Mounting Concern About Dangers of Truck Driver Fatigue

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    NEWSLETTERS

    CONNECTICUT'S TWO U.S. SENATORS SPEAK OUT AGAINST PROPOSAL WHICH WOULD WEAKEN THE REGULATIONS SET FOR TRUCK DRIVER WORK HOURS. (Published Friday, Jun 20, 2014)

    Sens. Richard Blumenthal and Chris Murphy joined truck drivers in Middletown today to oppose legislation that would potentially extend truckers’ work hours and, they argue, create the potential for dangerous driving conditions.

    Current regulations mandate that truckers take breaks every eight hours, work no more than 70 hours every eight days and get a " restart"- two nights of sleep over 34 hours before starting the next work week.

    That could all change. A proposed regulation rollback would allow companies to have drivers work up to 80-hour weeks and do little to protect their sleep. Legislators and truck drivers alike are concerned that these conditions would increase the likelihood of trouble on the roadway.

    “I think it’s a safety issue to the public,” said Tom Mikoliet, who drives for UPS. “I think everyone should get plenty of rest before getting behind the wheel of a truck.”

    Statistics show that between 2009 and 2012, truck accidents increased nearly 40 percent and nearly 4,000 people were killed in truck-related crashes. More than one in 10 are attributed to driver fatigue.

    Rachel Ann Menses of Glastonbury continues to recover from a 2011 accident in New Jersey, in which truck driver fatigue played a role.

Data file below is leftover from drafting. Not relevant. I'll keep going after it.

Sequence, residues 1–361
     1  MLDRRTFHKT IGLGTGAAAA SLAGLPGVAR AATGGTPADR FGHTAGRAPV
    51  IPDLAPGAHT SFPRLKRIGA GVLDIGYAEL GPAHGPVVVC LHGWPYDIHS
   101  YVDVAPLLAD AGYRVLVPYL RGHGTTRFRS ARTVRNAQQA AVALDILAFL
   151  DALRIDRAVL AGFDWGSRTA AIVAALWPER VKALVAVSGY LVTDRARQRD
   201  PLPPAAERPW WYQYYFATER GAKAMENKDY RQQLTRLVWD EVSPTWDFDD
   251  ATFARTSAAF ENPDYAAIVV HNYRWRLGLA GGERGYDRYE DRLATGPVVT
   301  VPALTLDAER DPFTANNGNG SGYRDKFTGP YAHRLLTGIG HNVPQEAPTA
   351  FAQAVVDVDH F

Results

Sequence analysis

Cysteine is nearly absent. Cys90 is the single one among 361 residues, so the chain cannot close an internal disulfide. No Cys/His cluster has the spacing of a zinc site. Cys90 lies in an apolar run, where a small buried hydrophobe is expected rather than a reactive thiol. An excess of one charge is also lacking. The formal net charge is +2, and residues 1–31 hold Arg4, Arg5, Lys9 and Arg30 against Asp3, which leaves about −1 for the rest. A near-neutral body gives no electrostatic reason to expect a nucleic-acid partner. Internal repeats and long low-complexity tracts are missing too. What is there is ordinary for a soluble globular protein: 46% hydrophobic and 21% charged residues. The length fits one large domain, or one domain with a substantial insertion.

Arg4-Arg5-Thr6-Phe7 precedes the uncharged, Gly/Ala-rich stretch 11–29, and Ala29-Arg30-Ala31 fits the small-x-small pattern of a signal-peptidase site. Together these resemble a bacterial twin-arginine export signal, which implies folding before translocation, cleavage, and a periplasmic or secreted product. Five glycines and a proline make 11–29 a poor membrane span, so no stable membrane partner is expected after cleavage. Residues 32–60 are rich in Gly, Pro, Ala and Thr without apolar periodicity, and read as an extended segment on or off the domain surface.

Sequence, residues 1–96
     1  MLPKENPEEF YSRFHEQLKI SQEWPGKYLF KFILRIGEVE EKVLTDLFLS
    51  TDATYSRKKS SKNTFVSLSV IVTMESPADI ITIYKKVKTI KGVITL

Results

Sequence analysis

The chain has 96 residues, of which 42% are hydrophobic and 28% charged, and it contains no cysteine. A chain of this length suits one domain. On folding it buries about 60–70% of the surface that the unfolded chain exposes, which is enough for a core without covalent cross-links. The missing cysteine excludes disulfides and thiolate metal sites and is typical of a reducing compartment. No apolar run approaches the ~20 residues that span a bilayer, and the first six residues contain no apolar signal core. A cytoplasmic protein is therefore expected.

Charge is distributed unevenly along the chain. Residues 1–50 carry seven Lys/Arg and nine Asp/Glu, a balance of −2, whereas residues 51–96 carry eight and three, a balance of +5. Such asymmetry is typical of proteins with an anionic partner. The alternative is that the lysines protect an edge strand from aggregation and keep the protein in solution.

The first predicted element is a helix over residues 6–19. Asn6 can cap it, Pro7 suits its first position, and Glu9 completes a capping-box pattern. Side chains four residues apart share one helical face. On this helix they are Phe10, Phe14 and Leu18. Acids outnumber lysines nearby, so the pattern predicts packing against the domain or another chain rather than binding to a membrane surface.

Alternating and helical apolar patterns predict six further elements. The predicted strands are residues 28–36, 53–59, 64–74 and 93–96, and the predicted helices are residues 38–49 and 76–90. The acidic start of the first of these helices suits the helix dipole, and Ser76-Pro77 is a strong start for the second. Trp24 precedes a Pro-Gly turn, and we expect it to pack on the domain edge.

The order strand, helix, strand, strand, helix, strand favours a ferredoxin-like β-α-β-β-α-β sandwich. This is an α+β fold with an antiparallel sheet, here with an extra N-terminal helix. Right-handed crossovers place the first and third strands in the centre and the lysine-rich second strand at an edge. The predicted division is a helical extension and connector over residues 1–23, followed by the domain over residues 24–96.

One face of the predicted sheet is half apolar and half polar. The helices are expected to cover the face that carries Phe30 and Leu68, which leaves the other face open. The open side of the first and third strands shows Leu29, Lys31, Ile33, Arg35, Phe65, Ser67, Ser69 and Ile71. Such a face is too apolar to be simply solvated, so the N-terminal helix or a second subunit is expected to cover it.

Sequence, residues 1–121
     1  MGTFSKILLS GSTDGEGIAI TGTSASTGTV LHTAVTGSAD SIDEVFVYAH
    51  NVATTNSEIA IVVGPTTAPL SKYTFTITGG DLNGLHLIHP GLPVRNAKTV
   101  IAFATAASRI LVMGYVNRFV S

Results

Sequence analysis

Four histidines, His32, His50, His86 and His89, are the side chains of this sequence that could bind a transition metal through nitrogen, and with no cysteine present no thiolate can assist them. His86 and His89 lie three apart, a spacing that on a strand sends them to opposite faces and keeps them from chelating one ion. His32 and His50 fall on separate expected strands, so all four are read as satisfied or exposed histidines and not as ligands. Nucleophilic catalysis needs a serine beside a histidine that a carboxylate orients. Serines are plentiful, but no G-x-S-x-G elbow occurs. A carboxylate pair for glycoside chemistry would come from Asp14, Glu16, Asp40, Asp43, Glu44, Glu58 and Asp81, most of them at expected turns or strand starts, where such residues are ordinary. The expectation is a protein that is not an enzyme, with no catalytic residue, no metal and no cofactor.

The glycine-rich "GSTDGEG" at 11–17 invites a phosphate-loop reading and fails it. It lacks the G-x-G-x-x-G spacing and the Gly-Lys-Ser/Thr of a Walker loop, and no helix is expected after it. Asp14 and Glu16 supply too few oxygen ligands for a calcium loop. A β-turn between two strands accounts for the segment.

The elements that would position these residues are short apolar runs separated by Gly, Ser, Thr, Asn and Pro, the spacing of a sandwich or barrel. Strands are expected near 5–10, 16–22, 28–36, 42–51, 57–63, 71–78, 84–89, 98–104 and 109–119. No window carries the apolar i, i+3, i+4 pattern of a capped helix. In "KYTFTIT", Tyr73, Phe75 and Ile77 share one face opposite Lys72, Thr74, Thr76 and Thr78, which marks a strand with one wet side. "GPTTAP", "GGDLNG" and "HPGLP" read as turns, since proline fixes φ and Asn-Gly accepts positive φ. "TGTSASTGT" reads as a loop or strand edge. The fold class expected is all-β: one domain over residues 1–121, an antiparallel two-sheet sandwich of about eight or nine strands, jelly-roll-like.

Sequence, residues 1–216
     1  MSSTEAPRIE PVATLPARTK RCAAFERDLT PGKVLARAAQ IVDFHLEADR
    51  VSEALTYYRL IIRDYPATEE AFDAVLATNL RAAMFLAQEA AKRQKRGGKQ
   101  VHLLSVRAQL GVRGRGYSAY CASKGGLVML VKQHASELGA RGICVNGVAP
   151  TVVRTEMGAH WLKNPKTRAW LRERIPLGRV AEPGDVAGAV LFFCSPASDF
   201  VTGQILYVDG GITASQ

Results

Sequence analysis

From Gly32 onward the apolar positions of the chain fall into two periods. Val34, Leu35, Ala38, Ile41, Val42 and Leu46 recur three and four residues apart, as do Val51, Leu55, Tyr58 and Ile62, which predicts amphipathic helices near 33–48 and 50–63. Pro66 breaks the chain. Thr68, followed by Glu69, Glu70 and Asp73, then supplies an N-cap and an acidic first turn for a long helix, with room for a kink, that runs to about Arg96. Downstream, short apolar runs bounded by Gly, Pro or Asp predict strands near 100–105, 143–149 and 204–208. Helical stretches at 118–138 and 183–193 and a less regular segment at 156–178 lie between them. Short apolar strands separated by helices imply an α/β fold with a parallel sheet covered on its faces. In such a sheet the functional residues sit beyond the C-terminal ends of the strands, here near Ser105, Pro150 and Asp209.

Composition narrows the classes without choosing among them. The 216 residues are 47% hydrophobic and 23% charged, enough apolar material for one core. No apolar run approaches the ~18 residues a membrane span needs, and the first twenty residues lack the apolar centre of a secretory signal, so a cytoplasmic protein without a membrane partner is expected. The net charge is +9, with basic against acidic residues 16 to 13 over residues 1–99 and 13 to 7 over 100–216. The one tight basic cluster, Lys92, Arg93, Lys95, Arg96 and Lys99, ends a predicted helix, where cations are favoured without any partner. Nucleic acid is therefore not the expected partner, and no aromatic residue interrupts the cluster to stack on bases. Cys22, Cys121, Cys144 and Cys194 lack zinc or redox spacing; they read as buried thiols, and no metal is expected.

“We must do more to improve truck safety,” she said at the press conference today. “Truck driver fatigue is a very real and deadly health and safety issue that places everyone on the road in danger, celebrities and private citizens alike.”

    That became apparent just a couple weeks ago when the limo of actor and comedian Tracy Morgan was struck by a Walmart truck, killing one and seriously injuring Morgan and several others. In that instance, the truck driver was in his 14th hour behind the wheel.

    “It’s just common sense that you shouldn’t be operating this kind of complex machinery after an 80-hour work week without more than one night of sleep,” said Murphy.

    The push to weaken the regulations implemented last year is coming from trucking companies, according to Sen. Blumenthal. The proposed bill passed the appropriations committee 21-9 and will be taken up on the Senate floor next week.